Falmouth Furore More Than Just A Neck

Richard Hannon has confirmed that the connections of Sky Lantern are to launch an appeal to get the result of Friday’s controversial Falmouth Stakes at Newmarket overturned. Of course the racing forums are still fulminating after the stewards upheld the original outcome following a lengthy enquiry at the course. Where money is involved, and there will be plenty who took a hefty hit as the Guineas winner was carried violently left across the track in losing by a neck to the John Gosden trained Elusive Kate, objectivity is often the first casualty. I had no such financial involvement but still greeted the decision with dismay, if little surprise. Contesting the judgement may yet turn out to be a futile gesture, but if it casts some light on a system which has become excessively biased in favour of the offender, it will have served a useful purpose.

If the action had taken place in France, where the elder filly had claimed both her previous Group One successes, there would have been scant debate. There, horses found guilty of interference are routinely placed behind their inconvenienced rival in the placings. For borderline cases this is often harsh, but at least it provides a certain clarity. In Suffolk, thanks to the Channel 4 cameras, we were allowed access to the jockeys’ evidence, if not the subsequent deliberations, and though Richard Hughes appeared to mount a strong case, the haste with which that case was dismissed suggests it was all a paper exercise. The panel flexed its muscles, handing a three day ban to William Buick for careless riding, but was toothless to address the real injustice. As the combatants were hosed down in the paddock, the paying public were left scratching their heads.

Ultimately, in the British jurisdiction, there has to be ‘satisfaction’, however that may be ascertained, that the wronged party would have won the race in other circumstances. Why? These were the circumstances on the day. Though it might seem as if Sky Lantern was being held by the winner, lacking the impressive turn of foot which made her one of the stars of Royal Ascot, this is surely irrelevant as she was being forced to run off a true line for a sustained period and twice received a crack in the face from the whip of the rider alongside. This intimidation must have affected her ability to keep her mind on the job. In addition, had she been able to stay straight it might not have mattered whether or not she was faster. Elusive Kate, who has a history of veering in this direction, probably ran an extra couple of lengths due to her waywardness; remember the final gap between them was officially no greater than a neck.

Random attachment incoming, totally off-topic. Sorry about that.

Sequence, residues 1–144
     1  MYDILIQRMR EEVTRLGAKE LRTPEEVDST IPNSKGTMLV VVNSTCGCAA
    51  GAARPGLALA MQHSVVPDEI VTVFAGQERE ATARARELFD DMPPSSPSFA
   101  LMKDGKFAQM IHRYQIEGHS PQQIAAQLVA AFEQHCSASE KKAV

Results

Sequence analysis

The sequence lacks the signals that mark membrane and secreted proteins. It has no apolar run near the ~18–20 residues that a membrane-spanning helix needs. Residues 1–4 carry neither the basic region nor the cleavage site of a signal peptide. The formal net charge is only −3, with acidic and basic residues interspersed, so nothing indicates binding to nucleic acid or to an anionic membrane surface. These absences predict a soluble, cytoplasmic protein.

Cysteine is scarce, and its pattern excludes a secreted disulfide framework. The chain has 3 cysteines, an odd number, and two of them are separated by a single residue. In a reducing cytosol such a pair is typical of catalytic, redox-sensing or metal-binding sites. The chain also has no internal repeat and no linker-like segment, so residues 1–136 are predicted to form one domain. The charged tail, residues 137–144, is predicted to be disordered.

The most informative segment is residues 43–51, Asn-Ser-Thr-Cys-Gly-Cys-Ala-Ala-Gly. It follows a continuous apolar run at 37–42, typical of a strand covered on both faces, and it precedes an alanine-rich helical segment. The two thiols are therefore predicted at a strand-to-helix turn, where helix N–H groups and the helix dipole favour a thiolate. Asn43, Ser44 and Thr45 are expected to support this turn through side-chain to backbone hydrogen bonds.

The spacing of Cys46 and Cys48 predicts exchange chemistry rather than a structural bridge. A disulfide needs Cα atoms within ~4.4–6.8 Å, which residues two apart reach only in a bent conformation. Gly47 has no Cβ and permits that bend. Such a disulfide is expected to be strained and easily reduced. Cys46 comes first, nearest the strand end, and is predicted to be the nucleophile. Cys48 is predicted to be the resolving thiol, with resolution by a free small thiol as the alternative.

Now Buick executed canny tactics in attempting to make all the running, and Hughes might have switched to the other side if there were concerns over potential drifting, while it could just be that the grey has simply lorded it over an average crop of three years olds and was now finding it tougher in better company. Perhaps it was too soon after her previous assignment, or the ground wasn’t quite right. All fair observations but hardly relevant to the basic fact that we simply can’t know because the contest was defined by the interference. When Usain Bolt false started at the 2011 World Athletics Championships it is likely he would have won by a wider margin than the advantage he gained by doing so. This patent absurdity was not taken into account however since he broke the rules. Just as Elusive Kate did.

Despite the impression that horses could rugby tackle each other to the floor without affecting the result, there is a precedent, and a high profile one at that, for intervention. Jacqueline Quest was stripped of a classic on the Rowley Mile three years ago, the 1000 Guineas being handed to Special Duty after the pair duelled to a photograph in the closing stages. You can point out that their closeness as they flashed past the line made it a different case but the impediment was hardly as prolonged as that which we saw the other day. Cynics might suggest it is somewhat easier to disqualify a 66/1 outsider though viewing the altercation again it is hard to dispute that the correct call was made. This time, as Buick’s sheepish demeanour betrayed his concern, few expected a radical re-evaluation, with Betfair’s market strongly hinting at the status quo. We have come to expect nothing else, so jockeys are willing to take a few days on the sidelines if it assures them of their purse.

With the South African sprinter Shea Shea in attendance at the meeting, it only illustrates the global nature of the sport nowadays. It can’t be right that rules are interpreted in so many different ways from one place to another. The recent Godolphin doping controversy over the administration of substances which would have been legal elsewhere is one more case in point. We need a set of standards which will be adhered to by all, and which are understood by punters and non-speculating enthusiasts alike. You would think that the means for deciding the winner of a race would be a good place to start. As for Sky Lantern and Elusive Kate, and yes I do regard that as the appropriate order, we must hope they will clash again to put the issue to bed. They have separate entries at Goodwood, and the Falmouth escapade may now be subject to a long drawn-out process. However that transpires, there’ll continue to be plenty of chat in the meantime.

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